The genius part fo the whole scheme is that if the government decides to issue an amnesty then the holders of the mortgages get compensated.

This conversation was one of the most frightening I've ever had ..

I have to say this sounds a bit unlikely. If someone lied on their mortgage form it'd be very difficult to prove in court that the information wasn't correct to the best of their knowledge e&oe. It would be reasonable to expect the bank to do due dilligence. If the mortgagee had fabricated some inflated payslips and given them to the bank then possibly.

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Surely, this just means they are the beneficiary of the sale of the asset the loan is secured against when the official receiver disposes of it.

Others are suggesting that creditors can continue to pursue debts post-bankruptcy. I always thought that all creditors bar student loans and court fines get wiped out and have to deal with the OR.

I think these people buying up mortgage debt they believe fall outside a bankruptcy are mugs who'll waste a lot of time and energy. They might be able to intimidate a few people into coughing something up but if it was during the insolvency procedure I'd have though they'd have the OR after them trying to get the money back.

The OR, and later an insolvency practitioner who becomes Trustee in bankruptcy, can generally only sell one asset that has a secured loan against it - the bankrupt's house. He also has to do this within 3 years or lose the chance to sell forever.

Firms can and do buy mortgage debt - its secured and falls outside of the insolvency (bankruptcy) procedure until the trustee wants to realise the property for the benefits of creditors.

You may be right about sudent loans and court fines though - to be honest my job is so boring I don't exactly want to read up on it at night :(

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The OR, and later an insolvency practitioner who becomes Trustee in bankruptcy, can generally only sell one asset that has a secured loan against it - the bankrupt's house. He also has to do this within 3 years or lose the chance to sell forever.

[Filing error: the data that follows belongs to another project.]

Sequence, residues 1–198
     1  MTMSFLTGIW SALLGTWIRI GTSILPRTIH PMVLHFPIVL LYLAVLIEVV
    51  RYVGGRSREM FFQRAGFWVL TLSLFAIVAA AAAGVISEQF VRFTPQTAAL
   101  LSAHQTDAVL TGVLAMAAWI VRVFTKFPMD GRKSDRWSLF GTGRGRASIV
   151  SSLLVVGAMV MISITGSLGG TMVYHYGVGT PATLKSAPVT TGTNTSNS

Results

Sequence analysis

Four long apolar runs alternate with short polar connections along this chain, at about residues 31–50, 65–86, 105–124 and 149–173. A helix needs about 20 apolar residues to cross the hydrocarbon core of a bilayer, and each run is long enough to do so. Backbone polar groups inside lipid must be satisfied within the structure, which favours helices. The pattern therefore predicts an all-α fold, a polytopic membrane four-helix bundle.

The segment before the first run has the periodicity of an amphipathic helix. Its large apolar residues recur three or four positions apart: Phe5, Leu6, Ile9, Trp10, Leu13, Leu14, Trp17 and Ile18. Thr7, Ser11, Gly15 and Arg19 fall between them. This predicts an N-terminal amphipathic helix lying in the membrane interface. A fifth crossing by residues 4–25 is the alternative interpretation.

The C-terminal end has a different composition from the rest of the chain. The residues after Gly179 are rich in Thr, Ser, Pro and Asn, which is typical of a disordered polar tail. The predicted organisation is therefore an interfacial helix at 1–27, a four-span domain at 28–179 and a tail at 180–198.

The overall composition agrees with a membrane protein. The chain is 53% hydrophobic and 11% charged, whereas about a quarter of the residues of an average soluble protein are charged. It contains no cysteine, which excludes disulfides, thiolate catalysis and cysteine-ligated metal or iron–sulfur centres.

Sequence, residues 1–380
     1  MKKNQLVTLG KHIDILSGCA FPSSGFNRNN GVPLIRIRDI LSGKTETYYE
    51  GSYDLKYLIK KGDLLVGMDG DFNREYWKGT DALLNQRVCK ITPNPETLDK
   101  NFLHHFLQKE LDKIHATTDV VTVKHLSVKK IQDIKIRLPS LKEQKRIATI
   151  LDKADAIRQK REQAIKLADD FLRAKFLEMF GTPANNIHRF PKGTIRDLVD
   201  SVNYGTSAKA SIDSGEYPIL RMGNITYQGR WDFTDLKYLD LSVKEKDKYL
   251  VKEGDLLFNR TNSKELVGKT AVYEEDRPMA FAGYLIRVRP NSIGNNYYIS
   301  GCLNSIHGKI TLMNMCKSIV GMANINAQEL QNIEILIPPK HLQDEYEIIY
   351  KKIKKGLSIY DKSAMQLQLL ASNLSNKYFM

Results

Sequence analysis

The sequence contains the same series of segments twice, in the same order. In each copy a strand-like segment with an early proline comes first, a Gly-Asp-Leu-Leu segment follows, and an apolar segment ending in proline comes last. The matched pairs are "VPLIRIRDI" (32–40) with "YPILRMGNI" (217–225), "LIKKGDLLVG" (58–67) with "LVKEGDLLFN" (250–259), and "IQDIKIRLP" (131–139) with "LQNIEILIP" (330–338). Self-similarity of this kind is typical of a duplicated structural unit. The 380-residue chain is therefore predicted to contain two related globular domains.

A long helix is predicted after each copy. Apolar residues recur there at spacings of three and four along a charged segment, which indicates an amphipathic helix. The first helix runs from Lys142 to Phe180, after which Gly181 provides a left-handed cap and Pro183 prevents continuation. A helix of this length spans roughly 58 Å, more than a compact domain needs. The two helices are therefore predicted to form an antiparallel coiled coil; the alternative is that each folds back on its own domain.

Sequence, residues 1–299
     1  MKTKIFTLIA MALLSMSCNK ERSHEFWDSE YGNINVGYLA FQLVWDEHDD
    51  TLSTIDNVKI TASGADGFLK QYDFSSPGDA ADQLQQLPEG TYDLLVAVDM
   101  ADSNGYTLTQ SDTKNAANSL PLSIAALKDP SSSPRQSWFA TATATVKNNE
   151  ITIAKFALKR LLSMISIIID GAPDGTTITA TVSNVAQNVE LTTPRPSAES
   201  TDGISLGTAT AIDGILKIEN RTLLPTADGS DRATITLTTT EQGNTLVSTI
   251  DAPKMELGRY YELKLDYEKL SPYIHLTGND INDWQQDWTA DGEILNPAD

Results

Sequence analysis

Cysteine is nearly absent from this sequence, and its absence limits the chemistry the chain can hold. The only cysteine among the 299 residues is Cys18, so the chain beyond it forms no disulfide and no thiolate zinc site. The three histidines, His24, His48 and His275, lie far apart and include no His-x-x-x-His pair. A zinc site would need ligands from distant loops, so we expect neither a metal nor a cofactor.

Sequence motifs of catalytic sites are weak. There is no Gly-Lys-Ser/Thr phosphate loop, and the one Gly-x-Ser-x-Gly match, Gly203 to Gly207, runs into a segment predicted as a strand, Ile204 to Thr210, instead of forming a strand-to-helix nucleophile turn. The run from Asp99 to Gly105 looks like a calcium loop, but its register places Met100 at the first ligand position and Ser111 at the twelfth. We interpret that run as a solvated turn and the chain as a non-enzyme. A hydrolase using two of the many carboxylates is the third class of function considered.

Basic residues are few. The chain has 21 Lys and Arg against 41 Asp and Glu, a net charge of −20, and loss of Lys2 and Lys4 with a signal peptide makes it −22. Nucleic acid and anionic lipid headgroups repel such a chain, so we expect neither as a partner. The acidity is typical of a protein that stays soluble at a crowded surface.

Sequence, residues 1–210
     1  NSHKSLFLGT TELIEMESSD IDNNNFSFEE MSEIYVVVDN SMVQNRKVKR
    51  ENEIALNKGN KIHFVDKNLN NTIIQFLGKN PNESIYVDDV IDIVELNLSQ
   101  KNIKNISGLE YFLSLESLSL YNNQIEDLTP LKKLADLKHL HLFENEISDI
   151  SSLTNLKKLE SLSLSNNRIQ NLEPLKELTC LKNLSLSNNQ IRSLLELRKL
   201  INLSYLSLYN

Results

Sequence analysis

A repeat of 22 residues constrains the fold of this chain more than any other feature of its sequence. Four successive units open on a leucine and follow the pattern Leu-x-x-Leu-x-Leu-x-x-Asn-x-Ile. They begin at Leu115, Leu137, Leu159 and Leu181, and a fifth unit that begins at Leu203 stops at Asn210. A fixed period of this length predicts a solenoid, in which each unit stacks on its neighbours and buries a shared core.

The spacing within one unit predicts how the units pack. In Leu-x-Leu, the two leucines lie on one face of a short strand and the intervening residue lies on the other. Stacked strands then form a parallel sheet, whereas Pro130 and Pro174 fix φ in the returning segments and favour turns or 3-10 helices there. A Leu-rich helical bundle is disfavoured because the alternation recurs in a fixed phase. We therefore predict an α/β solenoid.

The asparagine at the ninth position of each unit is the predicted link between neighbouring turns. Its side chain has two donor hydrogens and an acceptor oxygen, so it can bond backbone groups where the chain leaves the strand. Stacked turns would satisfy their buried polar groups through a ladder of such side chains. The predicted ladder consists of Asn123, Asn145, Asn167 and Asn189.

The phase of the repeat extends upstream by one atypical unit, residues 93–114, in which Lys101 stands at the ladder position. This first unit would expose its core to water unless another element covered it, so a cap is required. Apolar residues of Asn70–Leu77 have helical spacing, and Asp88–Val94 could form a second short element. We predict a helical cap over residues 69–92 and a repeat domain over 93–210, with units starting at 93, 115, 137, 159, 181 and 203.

Firms can and do buy mortgage debt - its secured and falls outside of the insolvency (bankruptcy) procedure until the trustee wants to realise the property for the benefits of creditors.

You may be right about sudent loans and court fines though - to be honest my job is so boring I don't exactly want to read up on it at night :(

Fair dos

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Through the grapevine I heard that Northern Rock had asked the OR's to check what the incomes of potential bankrupts would have been at the time they took out their mortgages and report back to NR.

If these incomes did not match the incomes on the application forms and bankruptcy was granted, this would allow NR to chase the shortfall.

The OR's refused.

ShedDweller, how likely do you think a mortgage debt amnesty is? It is not something I had considered.

To clarify .. the "amnesty" I was talking about would only be a decriminalisation of mortgage fraud .. (ie you don't go to prison for it) ..

(my understanding and I may be wrong) is that whatever the OR says or does .. if the mortgage application was fraudulent then bankruptcy does not come into it ..

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I have to say this sounds a bit unlikely. If someone lied on their mortgage form it'd be very difficult to prove in court that the information wasn't correct to the best of their knowledge e&oe. It would be reasonable to expect the bank to do due dilligence. If the mortgagee had fabricated some inflated payslips and given them to the bank then possibly.

Exactly what I thought .. I thought the nastyness might not be matched by the legal reality .. but apparently it does not matter .. about due diligence if a false statement is made to obtain money however stupid or outlandish it may seem it remains fraud, and if the victim is an old granny who knew no better or a bank who should .. it makes no difference ..

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Someone beat me to the request for clarification ... thank you that man.

But is it any surprise that charging orders are up 700% !

Court judgements (criminal) and Student loans are also outside of bankrutcy according to a a friend of mine - there was a loop hole at one point but this has now been closed.

Civil court judgments may more often than not succumb to bankruptcy rules, hence why immediate enforcement action should always be taken to secure it.